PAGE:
Flint, MI–One night last weekend, the Flint Police Department received 376 calls for service.

There were six cars out on the shift. 

“As you can well imagine, a lot of the calls we are just physically incapable of getting to…the reality is until I get more people, there will be calls that go unanswered,” said Flint Police Chief Philip Hart. 

Hart said they were able to get to about 181 of the calls, which he said he thinks is pretty good considering the number of officers working the shift. 

Councilwoman Eva Worthing brought up in a special meeting Monday night that many of her constituents’ calls to the police about fireworks going off late into the night were not being answered. 

“I have limited staff. We go from call to call based on the importance of the call. We get probably 30 or better calls a night about fireworks, and quite honestly, we don’t have the personnel to answer them,” Hart said. 

The Flint Police Department has had 16 unfilled officer positions for more than two years. Three officers retired in the last couple months, bringing that number up to 19. 

According to the current job postings, a police officer working part-time would make $16.76 hourly in the first six months. A police officer working full-time would make about $19.44 hourly, for an annual salary of $40,429. 

Councilman Allen Griggs proposed changing the 19 positions to 12, and using the money that would have funded the seven others to increase the starting salary for officers. 

“I’m just trying to figure out a way to sweeten the deal so we can get some of these police officer positions filled,” Griggs said.

Hart said changes like that would likely need to go through legal representatives, but that increasing the base pay would definitely help in their recruiting efforts.

“Part of the issue is the lower level of pay,” Hart said. “We’ve gotten people trained through the academy and before they even start with us, they’ve left and gone to other agencies because the pay is better.” 

Between the understaffed department and the protests and parties going on downtown, some officers have had to work overtime, Hart said.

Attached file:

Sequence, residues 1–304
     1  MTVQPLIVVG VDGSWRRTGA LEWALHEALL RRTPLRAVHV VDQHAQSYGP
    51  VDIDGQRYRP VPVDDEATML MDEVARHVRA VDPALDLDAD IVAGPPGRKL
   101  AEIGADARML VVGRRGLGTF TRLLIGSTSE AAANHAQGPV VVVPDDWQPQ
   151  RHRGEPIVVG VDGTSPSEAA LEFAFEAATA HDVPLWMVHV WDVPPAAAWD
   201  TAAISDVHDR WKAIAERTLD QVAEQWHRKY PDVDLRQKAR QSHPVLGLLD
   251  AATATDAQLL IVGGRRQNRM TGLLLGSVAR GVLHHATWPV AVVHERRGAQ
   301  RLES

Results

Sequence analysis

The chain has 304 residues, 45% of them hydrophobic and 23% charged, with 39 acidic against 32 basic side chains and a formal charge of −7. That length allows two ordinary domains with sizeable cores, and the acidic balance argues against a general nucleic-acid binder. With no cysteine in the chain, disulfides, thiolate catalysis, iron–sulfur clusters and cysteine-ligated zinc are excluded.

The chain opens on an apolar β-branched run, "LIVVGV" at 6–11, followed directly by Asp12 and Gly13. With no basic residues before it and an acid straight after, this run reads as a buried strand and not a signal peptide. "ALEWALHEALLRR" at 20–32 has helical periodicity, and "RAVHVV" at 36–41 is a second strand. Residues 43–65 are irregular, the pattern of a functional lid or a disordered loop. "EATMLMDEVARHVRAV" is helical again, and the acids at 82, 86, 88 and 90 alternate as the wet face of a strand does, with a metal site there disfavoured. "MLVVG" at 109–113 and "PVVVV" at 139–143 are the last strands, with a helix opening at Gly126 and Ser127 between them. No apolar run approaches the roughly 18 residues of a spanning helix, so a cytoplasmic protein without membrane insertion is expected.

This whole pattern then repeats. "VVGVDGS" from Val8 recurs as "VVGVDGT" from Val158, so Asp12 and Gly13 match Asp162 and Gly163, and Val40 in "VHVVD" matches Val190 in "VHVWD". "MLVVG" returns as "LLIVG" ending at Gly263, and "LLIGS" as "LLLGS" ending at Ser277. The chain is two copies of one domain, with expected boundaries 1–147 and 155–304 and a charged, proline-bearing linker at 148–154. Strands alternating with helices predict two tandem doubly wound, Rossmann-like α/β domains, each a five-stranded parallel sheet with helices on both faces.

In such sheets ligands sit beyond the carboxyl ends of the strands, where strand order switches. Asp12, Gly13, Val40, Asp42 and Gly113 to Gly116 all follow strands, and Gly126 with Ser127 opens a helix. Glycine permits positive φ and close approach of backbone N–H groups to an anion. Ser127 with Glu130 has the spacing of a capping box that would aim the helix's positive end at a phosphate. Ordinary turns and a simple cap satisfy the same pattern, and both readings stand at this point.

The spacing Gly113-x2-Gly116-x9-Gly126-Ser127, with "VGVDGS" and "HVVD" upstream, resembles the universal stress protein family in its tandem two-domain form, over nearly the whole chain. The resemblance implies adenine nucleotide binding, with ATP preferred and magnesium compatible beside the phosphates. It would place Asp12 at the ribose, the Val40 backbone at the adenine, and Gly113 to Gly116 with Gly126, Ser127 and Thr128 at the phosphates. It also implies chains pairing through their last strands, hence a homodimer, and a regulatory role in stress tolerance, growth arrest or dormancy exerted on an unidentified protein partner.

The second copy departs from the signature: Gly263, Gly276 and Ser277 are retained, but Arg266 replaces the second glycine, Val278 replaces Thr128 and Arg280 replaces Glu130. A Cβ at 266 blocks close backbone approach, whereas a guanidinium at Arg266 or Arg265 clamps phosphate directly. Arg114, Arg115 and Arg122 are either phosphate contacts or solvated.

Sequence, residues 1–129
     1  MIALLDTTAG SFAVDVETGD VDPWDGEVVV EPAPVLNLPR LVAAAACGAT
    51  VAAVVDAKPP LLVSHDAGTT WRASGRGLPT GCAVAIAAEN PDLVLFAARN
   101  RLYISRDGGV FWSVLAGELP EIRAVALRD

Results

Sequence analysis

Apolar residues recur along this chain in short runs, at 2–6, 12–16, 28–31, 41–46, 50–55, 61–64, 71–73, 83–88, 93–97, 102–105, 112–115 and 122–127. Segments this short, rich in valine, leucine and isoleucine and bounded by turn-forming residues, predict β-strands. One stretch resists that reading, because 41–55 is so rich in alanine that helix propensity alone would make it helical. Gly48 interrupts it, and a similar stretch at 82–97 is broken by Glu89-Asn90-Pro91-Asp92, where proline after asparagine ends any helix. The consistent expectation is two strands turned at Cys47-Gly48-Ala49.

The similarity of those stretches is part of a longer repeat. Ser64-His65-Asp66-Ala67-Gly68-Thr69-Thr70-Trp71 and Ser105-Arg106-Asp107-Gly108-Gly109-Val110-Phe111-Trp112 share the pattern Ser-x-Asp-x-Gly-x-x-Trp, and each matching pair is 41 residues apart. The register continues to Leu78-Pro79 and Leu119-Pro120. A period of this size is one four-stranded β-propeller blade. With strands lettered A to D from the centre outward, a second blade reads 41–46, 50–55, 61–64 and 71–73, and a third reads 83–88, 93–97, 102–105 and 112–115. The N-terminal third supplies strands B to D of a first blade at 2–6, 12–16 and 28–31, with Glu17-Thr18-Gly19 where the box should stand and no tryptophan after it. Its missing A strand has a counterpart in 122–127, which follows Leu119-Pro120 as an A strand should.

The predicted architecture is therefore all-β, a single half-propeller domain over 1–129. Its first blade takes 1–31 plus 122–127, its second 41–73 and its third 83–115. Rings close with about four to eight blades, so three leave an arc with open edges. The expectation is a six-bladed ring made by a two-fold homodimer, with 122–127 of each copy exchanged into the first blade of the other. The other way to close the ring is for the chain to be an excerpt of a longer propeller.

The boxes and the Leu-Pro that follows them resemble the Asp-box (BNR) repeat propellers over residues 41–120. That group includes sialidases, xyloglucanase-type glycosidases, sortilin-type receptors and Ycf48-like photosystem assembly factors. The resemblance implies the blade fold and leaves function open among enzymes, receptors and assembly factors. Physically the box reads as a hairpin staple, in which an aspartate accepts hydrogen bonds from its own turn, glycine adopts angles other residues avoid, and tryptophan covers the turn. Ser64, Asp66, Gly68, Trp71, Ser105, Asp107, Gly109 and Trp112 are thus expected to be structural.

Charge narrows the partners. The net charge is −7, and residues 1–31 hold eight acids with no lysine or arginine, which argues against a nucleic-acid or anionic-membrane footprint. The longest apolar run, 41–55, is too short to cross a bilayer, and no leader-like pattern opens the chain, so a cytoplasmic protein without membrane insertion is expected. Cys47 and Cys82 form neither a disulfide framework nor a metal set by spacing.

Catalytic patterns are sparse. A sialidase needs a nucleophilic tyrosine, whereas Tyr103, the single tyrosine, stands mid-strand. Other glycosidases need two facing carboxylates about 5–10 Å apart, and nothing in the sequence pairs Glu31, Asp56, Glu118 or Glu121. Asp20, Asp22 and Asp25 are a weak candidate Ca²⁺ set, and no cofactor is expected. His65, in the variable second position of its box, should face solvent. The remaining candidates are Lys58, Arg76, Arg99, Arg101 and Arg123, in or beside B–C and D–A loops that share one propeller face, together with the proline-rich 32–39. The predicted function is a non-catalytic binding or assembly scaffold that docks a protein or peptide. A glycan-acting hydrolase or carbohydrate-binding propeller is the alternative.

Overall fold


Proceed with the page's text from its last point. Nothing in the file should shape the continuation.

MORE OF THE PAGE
Most of the money meant to go towards the unfilled positions is being redirected to the fund balance, but some of it is being used to pay officers for overtime.

“It would seem that officers have to put in quite a bit of time physically and emotionally to make up for a loss of 19 officers,” said Council President Monica Galloway. 

Hart said that was true, and now they “are at a point where it’s difficult to even get officers to work overtime because they’re getting to a level of burnout, and they work enough.”

The police department has put ads online in an effort to recruit people for the positions but that because of COVID-19, they haven’t been able to do anything face-to-face. 

“I’m looking to see if I can get people from in the city who know the city,” Hart said. 

The police department is starting a cadet program with the University of Michigan-Flint and Mott Community College for young adults to learn about a career in law enforcement. 

“That gives them the opportunity to see if it’s something they like, and it gives us an opportunity to look at them. Then we can get them acclimated to law enforcement, and when they hit the age, we can send them to an academy,” Hart said. 

At the special meeting Monday night, Flint City Council voted to move $215,000 into the Public Safety fund as part of a resolution to balance the city’s budget. 

Hart said the money going into the Public Safety fund will be used to cover equipment expenses, specifically for the computer systems they use for intelligence and running reports.

Amy Diaz is a journalist hailing from St. Petersburg, FL. She has written for multiple local newspapers in her hometown before becoming a full-time reporter for Flint Beat. When she’s not writing you...

2 replies on “Flint Police Dept. struggles to fill open positions”

  1. Actually, one of the worse things that happened is when Ex-Governor Snyder “Defunded” all local Public Safety by taking revenue sharing from municipalities and funding the State Police instead of local departments.The Policies of the State Police not answering 911 calls unless they are priority one calls were and are a slap in the face. For the City of Flint, this exacerbated an already shrinking tax base. Governor Whitmer needs to be pressured to return some of the revenue sharing and/or revamp the policies of the State Police so they can answer other 911 calls for service. This is one way that struggling Police and Fire Departments can increase the pay and benefits, which may attract applicants. The Chief of Flint being an ex-State Police, could possibly be a key person to enlighten us all on how to make some changes in these areas to help his department gain some ground.

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